Friday, August 29, 2008

Let the Whining Begin

Every Republican I have spoken with today has been ecstatic about the selection of Sarah Palin as McCain's running mate. And I am hearing the Democrats cry like babies about it, stressing her "inexperience". The biggest whine of all comes from Peter Scobilic at the New Republic entitled "An Astonishingly Arrogant VP Selection"

It may be John McCain's birthday, but it seems like he's the one giving out gifts today. The selection of Palin doesn't simply, as others have pointed out, undermine the notion that Obama is too inexperienced to be president; it gives Obama the chance to actually take the edge on national security while making John McCain's age a central issue of the campaign.

Could Sarah Palin conceivably manage this task? Her tenure as a small-town mayor and Alaska governor has given her no foreign policy experience whatsoever. True, Obama has little foreign policy experience either, as McCain and others have pointed out again and again. But during his time in national office he has demonstrated a clear commitment to the most pressing issues in American foreign policy. Take nuclear proliferation. Early in his tenure on the Foreign Relations Committee, Obama joined Richard Lugar's efforts to secure weapons of mass destruction in the former Soviet Union. Obama's first trip abroad as senator was to Russia and Ukraine to learn more about those efforts firsthand. In 2007, he cosponsored legislation with Senator Chuck Hagel calling for ratification of the Comprehensive Test Ban Treaty and negotiation of a fissile material cut-off treaty. And he was the first major presidential candidate to embrace the steps laid out in 2007 by Sam Nunn, Bill Perry, George Shultz, and Henry Kissinger through which the United States would fight nuclear terrorism, reinvigorate the nuclear Nonproliferation Treaty, and ultimately eliminate nuclear weapons.

I see no accomplishments by O'Bama in this list. Scobilic's reference to the Comprehensive Test Ban Treaty is particularly amusing. Does he believe that a country like North Korea or Iran, who are desperate to acquire nuclear weapons, could give a rat's ass about that treaty?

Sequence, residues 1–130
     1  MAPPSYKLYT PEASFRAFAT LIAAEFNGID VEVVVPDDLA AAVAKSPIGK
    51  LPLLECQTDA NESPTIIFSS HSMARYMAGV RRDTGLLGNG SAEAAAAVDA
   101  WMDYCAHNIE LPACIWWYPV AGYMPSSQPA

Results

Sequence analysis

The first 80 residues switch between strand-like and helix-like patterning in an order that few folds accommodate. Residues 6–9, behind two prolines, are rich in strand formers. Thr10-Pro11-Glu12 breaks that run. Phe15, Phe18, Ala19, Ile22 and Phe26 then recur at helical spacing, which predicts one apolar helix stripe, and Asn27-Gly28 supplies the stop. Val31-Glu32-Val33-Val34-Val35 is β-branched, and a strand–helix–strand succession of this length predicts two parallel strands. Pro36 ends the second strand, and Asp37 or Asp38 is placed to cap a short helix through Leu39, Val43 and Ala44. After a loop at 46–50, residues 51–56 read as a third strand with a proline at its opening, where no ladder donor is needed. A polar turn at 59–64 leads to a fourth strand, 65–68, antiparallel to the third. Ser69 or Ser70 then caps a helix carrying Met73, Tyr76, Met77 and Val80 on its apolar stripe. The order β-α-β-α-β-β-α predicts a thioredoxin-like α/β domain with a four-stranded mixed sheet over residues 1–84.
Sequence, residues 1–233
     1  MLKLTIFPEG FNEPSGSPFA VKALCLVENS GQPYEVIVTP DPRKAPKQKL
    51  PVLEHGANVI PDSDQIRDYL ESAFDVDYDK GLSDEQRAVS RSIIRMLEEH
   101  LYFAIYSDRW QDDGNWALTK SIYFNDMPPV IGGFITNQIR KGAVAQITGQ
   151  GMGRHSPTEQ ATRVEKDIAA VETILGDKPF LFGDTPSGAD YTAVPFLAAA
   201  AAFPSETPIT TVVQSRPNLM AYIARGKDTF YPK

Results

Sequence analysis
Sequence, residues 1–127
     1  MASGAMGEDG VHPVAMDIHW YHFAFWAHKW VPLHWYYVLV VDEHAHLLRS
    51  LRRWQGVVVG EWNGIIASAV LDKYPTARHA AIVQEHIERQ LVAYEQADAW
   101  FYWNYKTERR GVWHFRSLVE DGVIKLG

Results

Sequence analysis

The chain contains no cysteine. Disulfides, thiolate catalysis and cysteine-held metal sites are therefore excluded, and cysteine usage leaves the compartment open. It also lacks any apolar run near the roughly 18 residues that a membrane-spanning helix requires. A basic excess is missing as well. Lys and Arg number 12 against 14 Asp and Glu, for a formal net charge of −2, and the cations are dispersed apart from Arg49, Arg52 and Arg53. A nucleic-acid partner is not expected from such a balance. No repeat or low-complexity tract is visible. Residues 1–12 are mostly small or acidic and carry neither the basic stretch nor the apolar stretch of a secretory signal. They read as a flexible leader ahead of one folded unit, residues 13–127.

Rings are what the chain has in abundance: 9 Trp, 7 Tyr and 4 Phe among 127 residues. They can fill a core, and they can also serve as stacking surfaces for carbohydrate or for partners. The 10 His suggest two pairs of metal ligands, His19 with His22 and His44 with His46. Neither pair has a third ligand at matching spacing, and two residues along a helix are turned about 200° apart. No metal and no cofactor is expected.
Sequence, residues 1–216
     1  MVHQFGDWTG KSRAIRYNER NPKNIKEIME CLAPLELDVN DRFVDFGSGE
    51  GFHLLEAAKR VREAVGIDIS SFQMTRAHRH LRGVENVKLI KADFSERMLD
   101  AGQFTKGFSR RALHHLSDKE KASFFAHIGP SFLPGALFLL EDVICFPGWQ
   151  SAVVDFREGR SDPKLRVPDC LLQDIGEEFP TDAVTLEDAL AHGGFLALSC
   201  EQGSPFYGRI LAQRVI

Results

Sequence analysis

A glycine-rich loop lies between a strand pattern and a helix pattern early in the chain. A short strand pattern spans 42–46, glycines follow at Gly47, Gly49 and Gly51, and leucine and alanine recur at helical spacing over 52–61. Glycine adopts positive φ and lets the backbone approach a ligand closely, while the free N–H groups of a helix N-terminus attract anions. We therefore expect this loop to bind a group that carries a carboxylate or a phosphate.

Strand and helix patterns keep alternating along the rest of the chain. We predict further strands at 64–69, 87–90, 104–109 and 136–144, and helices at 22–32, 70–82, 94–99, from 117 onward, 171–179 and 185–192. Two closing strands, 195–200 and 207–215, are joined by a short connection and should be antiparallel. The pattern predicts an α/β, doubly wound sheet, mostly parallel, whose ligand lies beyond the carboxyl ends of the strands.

Most of what I have heard from O'Bama concerning foreign policy has shown little insight nor knowledge of foreign affairs. He merely repeats left-wing mantras like "Bush went against the wishes of our allies by invading Iraq", ignoring the fact that the governments of the UK, Holland, Denmark, Spain, Portugal, Italy, Poland, Rumania, Albania, Australia, and Japan supported the invasion. He keeps claiming we made a mistake by invading, and says he will withdraw our troops, ignoring the fact that the war is largely over.

No doubt Michelle is right that the Obama-Biden team will have to be careful attacking Palin's frighteningly thin resume and tenuous grasp of foreign policy. But surely a campaign that has been charged with being too naïve to manage rogue state dictators can have a bit of fun with the idea that a one-time Miss Congeniality could effectively face down Vladimir Putin, Mahmoud Ahmadinejad, or Kim Jong Il. Surely, Obama's "eight is enough" quip ought to apply not only to President Bush's economic and foreign policy travesties, but to the elevation of mediocrity that has characterized his appointment of Michael Brown to FEMA and his nomination of Harriet Miers to the Supreme Court. And surely we can agree that if the McCain campaign was desperate to transparently court voters put off by Hillary Clinton's loss, there is no dearth of women with far greater intellectual, executive, and political abilities--abilities that would allow them to assume the presidency in a heartbeat.

Now this is getting really funny. Scobilic has no clue of what Palin has accomplished in Alaska. She took on a corrupt political clique in her own party and came out on top. That says a lot more about her ability to deal with enemies than O'Bama's pledge to meet with dictators like Ahmadinijad or Chavez without preconditions.

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